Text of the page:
The first time it happened was at the end of my first semester as a teacher. Girl comes into the office at around ten in the morning. She was attractive and completely dolled up. I looked at her grades and told her she needed to make an 80 on the final in order to pass the class. She could not get any higher than a “D.”
Then the tears began to flow. Not a couple of tears, mind you. I’m talking about Niagara Falls. The girl sobbed like her parents had just been murdered. Certainly, this was not the first time I had made a woman cry, but never before in a professional setting. I had no idea what to do. She told me that she was a straight A student and had never made a B before this semester. She then told me how her mother had been in the hospital and her boyfriend had cheated on her. After several unsuccessful attempts to consol her, I excused myself, walked into the hallway, and called my sister.
I am lucky enough to have a close relationship with my two older sisters. Whenever a woman says or does something that I do not understand, I call one, or both of my sisters, and they interpret the meaning for me (this has happened more times in my past than I care to admit). About 95% of the time, they are accurate.
I related the story over the phone and my sis became very adamant. “Don’t you dare listen to that girl!” She screamed, “She’s just trying to take advantage of you! Don’t you dare let her get away with it!”
“Are you sure? She seemed pretty broken up.”
“Don’t be stupid!”
As my sister continued to rant I peeked into my office. The girl was no longer crying. Instead she was gazing at herself with a handheld mirror and fluffing her hair. I decided to heed my sis’s advice.
I went in and checked her transcripts online. Sure enough, she was not exactly a straight A student. More like a 1.8 GPA. After I pointed this out to her, this sweet, attractive, innocent girl turned into a demon from hell. She cussed me out and stormed off. I sat silent in my chair with my mouth hanging open. My buddy and colleague Eugene Vansickle stuck his head around the corner and smiled (at the time I shared an office with several other Grad Instructors). “Don’t sweat it, Charles,” He laughed, “you’ll get used to it.”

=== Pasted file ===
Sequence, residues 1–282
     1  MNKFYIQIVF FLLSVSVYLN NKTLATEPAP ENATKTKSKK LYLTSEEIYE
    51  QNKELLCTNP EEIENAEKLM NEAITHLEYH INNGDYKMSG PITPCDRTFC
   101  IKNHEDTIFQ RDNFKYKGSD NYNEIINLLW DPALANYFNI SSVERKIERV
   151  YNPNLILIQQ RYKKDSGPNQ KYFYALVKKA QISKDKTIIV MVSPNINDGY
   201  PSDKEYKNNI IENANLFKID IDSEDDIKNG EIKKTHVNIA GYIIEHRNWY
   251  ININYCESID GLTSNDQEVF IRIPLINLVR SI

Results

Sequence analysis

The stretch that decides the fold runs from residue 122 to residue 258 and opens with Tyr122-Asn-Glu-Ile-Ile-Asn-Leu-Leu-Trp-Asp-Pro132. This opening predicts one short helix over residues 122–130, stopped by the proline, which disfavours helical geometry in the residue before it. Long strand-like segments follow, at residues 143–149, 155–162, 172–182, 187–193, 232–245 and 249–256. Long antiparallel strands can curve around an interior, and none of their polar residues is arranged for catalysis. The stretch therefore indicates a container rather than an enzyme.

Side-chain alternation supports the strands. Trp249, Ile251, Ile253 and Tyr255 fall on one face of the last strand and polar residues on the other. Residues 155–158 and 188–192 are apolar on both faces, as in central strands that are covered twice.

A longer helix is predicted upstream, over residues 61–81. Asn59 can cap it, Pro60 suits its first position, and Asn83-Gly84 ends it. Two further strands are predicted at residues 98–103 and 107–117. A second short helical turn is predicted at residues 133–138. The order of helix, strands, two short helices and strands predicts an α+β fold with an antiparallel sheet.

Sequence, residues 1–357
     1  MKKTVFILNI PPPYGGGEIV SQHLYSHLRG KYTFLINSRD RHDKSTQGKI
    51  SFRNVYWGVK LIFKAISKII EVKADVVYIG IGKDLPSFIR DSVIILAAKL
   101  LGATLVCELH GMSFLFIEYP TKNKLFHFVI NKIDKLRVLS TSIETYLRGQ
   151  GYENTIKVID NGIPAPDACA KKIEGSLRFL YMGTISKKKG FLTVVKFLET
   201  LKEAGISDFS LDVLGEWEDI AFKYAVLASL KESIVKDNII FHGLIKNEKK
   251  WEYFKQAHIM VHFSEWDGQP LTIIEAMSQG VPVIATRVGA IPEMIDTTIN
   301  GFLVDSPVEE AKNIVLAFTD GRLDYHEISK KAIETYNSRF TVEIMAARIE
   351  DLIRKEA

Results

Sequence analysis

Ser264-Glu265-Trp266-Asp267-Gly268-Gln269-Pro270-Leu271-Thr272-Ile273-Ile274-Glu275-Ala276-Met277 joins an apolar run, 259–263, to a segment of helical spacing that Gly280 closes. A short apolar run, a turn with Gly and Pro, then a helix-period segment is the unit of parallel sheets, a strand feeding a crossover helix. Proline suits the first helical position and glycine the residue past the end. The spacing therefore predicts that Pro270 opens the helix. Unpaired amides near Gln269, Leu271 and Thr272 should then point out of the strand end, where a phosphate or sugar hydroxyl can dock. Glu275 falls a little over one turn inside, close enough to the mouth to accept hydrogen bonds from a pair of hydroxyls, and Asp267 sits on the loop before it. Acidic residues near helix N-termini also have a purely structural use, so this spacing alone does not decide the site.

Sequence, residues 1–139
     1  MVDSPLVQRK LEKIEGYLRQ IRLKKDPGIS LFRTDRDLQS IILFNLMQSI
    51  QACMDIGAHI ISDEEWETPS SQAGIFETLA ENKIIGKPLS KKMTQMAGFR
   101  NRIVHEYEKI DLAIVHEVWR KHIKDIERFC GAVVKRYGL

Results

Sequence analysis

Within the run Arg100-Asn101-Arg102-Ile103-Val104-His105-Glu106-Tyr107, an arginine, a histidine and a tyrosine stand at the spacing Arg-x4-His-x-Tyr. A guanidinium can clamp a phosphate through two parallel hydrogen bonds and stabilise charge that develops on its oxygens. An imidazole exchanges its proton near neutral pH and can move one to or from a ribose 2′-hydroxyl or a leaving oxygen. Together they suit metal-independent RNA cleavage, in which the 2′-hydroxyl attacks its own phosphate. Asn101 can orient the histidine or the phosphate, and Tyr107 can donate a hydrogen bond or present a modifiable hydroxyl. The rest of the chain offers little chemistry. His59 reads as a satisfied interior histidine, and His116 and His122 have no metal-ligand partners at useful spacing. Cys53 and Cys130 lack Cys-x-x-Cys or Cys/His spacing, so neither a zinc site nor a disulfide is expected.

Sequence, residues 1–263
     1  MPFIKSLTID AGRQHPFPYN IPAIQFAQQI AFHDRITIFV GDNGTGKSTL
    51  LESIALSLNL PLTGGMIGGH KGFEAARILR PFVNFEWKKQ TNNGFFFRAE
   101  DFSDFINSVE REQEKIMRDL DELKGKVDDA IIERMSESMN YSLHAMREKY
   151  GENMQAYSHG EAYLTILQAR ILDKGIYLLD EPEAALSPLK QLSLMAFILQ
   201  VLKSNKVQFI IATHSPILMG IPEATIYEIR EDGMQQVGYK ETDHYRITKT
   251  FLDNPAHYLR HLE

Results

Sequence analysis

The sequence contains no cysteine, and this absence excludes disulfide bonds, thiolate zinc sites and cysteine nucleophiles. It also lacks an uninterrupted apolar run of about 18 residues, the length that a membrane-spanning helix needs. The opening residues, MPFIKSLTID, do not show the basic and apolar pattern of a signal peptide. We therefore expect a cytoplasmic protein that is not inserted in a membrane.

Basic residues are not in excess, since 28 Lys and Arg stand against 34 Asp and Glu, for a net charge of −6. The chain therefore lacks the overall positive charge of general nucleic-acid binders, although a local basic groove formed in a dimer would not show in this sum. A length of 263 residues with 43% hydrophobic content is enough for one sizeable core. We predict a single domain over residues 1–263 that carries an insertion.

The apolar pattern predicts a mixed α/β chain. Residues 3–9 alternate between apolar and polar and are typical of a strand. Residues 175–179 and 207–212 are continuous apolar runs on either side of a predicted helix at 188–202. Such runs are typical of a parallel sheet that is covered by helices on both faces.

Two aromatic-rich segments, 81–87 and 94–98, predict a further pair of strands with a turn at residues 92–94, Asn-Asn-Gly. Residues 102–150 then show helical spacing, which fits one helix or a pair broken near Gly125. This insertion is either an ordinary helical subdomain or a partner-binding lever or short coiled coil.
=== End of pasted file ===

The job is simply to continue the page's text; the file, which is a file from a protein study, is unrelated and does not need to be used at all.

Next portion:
Indeed I have. One girl came in crying over her grade and wanted some sympathy points. Once again, the girl was very attractive and almost unbearably self-absorbed. She struck me as the kind of girl who, when dancing with a guy at a club, spends the whole time watching herself in the mirror on the dance room wall while the guy is grinding on her and staring at her chest. I also imagine that her Facebook profile was filled with dozens of pics of her trying to pose like a fashion model (you know, with the serious look and the sideways peace sign). Sorry, sweetheart. Heidi Klum you are not. When I asked her why she had failed to come to class for the last month, she looked me dead in the eyes and said, “Drama.”
“Yes, Drama.” She wiped a tear from her cheek and rolled her eyes. “You don’t EVEN know.”
At this point I could no longer contain the sarcasm within me.
“Too bad you missed my lecture last Wednesday,” I said, “I talked about how Woodrow Wilson was incapacitated his entire final year as president after being diagnosed with a severe case of clinical drama.”
The girl didn’t even flinch.
“That sounds just like the last month of my life.” She said with a quivering voice and watery eyes.
I could only smile and shake my head.
“Yes, I’m sure your problems were every bit as complicated as the First World War.”
I have many more examples I can give; and I probably will at a later date. But right now, I’m pretty tired. I know that isn’t an excuse, but….